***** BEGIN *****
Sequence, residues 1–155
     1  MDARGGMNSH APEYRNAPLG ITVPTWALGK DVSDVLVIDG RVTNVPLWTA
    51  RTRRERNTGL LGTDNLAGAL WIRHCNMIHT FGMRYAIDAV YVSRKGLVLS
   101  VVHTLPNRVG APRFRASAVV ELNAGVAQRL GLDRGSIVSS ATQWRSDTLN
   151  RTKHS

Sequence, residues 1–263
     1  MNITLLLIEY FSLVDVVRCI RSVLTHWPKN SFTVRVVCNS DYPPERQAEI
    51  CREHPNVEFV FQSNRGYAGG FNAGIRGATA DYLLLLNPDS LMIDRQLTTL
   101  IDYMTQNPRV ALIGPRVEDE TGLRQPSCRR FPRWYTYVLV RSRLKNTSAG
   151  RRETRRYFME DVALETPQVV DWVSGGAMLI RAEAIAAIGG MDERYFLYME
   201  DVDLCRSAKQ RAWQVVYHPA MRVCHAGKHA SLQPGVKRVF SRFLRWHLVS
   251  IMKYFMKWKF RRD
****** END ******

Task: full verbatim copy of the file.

Sequence, residues 1–155
     1  MDARGGMNSH APEYRNAPLG ITVPTWALGK DVSDVLVIDG RVTNVPLWTA
    51  RTRRERNTGL LGTDNLAGAL WIRHCNMIHT FGMRYAIDAV YVSRKGLVLS
   101  VVHTLPNRVG APRFRASAVV ELNAGVAQRL GLDRGSIVSS ATQWRSDTLN
   151  RTKHS

Sequence, residues 1–263
     1  MNITLLLIEY FSLVDVVRCI RSVLTHWPKN SFTVRVVCNS DYPPERQAEI
    51  CREHPNVEFV FQSNRGYAGG FNAGIRGATA DYLLLLNPDS LMIDRQLTTL
   101  IDYMTQNPRV ALIGPRVEDE TGLRQPSCRR FPRWYTYVLV RSRLKNTSAG
   151  RRETRRYFME DVALETPQVV DWVSGGAMLI RAEAIAAIGG MDERYFLYME
   201  DVDLCRSAKQ RAWQVVYHPA MRVCHAGKHA SLQPGVKRVF SRFLRWHLVS
   251  IMKYFMKWKF RRD